As I visit with producers across the country the subject of pinkeye in cattle seems to be coming up more in recent years than ever
before. The outbreaks seem more severe and the resistance to the normal use of tetracyclines seems to be less effective in controlling this disease.

The economic costs of pinkeye are staggering nationwide. It is estimated that the cost in lack of production in the US is around 200 million dollars. In Missouri, this figure has been estimated at 18 million dollars. Tests have shown that animals with pinkeye tend to have 25-40 pound less weaning weight than non-affected animals. These figures alone are significant.

This year I have nearly 100 heifers in a background program that I am developing into cows. Keeping good eye health in a breeding herd is of upmost importance.I vaccinated these calves with the pinkeye vaccine when they first entered the lot and gave a booster to them again several weeks later.

Even after the second round of vaccinations I still found an unacceptable number of breaks with pinkeye. Because this disease is so highly contagious, I gave the entire group a round of LA300. This antibiotic did only a marginal job of clearing up the problem. After a week, I had to pull several calves that showed no improvement and administered Zeprevo to clean up the remaining problems.

This prompted me to research about what is happening and how this problem can be handled differently. I have found that pinkeye can be caused by two different types of organisms. The first and most common organism, Moraxella Bovis, is treated easily with long lasting tetracyclines. Prevention is done with the vaccines that we have used for several years with good results. The new bug on the block is what I believe is causing our problems. This causative agent is Moraxella Bovoculi. This organism is resistant to the antibiotic treatments that most of us have used in the past. It also seems that the M. Bovis vaccine doesn’t do an acceptable job in controlling this strain either. Recently, there has been a vaccine produced that controls Brovoculi. Veterinary professionals that I have talked to strongly suggest that producers with a history of pinkeye breakouts add this additional vaccine to their cattle health program. From personal experience, I can attest that a preventive measure like this additional vaccine is much more cost effective than having to the handle and give additional antibiotic treatments to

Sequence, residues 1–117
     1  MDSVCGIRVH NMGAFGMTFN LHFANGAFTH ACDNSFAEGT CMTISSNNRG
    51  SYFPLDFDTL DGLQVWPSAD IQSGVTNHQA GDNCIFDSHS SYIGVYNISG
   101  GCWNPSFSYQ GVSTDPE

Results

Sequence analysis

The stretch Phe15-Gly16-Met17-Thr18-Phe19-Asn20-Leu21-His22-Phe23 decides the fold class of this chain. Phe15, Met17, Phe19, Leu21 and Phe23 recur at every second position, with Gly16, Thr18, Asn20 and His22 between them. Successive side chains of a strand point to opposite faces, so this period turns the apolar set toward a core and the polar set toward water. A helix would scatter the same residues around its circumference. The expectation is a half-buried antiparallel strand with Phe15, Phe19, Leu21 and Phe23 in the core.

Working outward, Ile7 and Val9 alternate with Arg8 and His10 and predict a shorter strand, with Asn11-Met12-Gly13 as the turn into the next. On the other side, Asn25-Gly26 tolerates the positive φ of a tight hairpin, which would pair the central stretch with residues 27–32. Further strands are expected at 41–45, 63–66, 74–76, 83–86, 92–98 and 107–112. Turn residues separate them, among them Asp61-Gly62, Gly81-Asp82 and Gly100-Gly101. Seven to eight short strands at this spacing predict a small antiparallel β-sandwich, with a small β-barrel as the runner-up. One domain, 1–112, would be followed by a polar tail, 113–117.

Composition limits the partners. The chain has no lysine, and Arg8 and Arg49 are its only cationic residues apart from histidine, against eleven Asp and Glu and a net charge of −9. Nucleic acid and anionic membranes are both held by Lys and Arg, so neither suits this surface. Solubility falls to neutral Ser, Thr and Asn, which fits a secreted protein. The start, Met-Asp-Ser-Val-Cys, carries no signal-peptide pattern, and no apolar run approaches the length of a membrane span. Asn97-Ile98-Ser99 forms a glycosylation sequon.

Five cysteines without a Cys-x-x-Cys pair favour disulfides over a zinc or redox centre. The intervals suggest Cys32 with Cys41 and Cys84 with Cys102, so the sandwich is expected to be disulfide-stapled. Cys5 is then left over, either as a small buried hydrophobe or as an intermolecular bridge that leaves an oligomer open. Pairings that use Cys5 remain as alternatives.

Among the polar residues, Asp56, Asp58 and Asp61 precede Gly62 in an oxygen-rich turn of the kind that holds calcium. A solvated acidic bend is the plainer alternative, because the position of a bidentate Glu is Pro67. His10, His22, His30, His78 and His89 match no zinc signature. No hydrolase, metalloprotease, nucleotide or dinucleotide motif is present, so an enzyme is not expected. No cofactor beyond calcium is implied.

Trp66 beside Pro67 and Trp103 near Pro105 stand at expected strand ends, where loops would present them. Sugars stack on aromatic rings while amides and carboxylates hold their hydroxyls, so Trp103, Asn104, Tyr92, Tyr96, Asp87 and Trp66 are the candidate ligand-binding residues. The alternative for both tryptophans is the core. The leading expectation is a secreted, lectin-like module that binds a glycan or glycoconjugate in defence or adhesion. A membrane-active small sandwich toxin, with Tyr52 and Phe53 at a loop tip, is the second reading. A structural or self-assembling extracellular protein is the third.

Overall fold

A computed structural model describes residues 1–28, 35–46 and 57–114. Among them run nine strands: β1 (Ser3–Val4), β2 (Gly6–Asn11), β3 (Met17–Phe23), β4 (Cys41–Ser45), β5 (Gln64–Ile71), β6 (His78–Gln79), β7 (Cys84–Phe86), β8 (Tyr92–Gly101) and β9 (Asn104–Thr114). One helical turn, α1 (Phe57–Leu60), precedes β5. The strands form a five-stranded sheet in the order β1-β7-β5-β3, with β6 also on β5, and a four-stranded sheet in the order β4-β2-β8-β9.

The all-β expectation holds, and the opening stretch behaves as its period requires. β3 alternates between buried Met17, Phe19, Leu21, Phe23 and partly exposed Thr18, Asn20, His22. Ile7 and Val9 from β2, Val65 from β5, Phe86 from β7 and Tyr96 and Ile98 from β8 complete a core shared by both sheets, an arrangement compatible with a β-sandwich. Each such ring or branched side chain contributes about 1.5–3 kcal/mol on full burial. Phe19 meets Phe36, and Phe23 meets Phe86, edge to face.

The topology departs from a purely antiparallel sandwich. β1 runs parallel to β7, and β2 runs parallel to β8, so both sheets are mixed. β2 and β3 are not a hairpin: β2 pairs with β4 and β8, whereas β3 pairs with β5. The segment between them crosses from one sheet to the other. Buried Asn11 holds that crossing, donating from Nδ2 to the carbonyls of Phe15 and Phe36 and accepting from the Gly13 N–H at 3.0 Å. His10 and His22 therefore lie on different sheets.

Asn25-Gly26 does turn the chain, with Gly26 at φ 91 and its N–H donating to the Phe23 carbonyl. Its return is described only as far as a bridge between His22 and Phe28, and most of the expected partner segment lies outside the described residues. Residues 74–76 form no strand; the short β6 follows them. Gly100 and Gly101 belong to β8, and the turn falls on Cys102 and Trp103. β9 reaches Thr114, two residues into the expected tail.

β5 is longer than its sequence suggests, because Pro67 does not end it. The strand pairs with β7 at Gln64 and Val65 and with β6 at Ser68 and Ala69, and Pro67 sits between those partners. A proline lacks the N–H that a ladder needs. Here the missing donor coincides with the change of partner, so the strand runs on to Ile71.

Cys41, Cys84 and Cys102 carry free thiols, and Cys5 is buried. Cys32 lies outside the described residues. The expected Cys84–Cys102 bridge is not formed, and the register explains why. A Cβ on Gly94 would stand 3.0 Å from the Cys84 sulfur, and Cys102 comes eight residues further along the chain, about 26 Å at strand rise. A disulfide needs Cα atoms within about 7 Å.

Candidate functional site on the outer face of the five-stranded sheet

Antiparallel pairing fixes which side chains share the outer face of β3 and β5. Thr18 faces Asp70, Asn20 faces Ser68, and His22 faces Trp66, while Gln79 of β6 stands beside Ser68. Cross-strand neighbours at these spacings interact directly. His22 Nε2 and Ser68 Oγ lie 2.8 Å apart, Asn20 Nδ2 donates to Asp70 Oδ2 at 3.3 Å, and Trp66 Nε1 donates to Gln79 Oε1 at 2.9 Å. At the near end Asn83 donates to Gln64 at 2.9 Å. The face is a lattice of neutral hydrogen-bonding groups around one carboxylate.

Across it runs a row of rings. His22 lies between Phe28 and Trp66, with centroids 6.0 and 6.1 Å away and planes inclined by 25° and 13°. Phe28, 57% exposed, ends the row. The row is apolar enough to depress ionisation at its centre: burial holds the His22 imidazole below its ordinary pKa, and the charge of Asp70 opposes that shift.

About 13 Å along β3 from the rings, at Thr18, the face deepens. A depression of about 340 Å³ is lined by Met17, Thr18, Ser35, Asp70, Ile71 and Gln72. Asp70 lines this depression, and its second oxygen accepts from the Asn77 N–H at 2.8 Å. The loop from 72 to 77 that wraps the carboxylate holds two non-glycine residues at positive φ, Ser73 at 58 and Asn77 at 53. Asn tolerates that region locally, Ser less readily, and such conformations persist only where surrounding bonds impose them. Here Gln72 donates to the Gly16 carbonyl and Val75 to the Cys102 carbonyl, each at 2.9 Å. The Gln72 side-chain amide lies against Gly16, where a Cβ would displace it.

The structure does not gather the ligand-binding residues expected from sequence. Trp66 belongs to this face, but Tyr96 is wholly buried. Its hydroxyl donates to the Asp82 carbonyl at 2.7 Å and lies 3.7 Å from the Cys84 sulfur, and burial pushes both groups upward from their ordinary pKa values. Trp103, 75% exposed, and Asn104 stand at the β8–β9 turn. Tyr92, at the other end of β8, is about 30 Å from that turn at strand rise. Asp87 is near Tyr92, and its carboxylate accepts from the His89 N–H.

sick animals.

As you sell cattle this year, pay attention to the economic loss that your operations have had due
to Pinkeye.
· Are blue eyes being cut out and discounted in
the ring?
· Are these discounted animals as big as the rest
of the herd?
The sale ring doesn’t lie and I feel that we as beef producers need to maximize the value of every animal that exits our operation.

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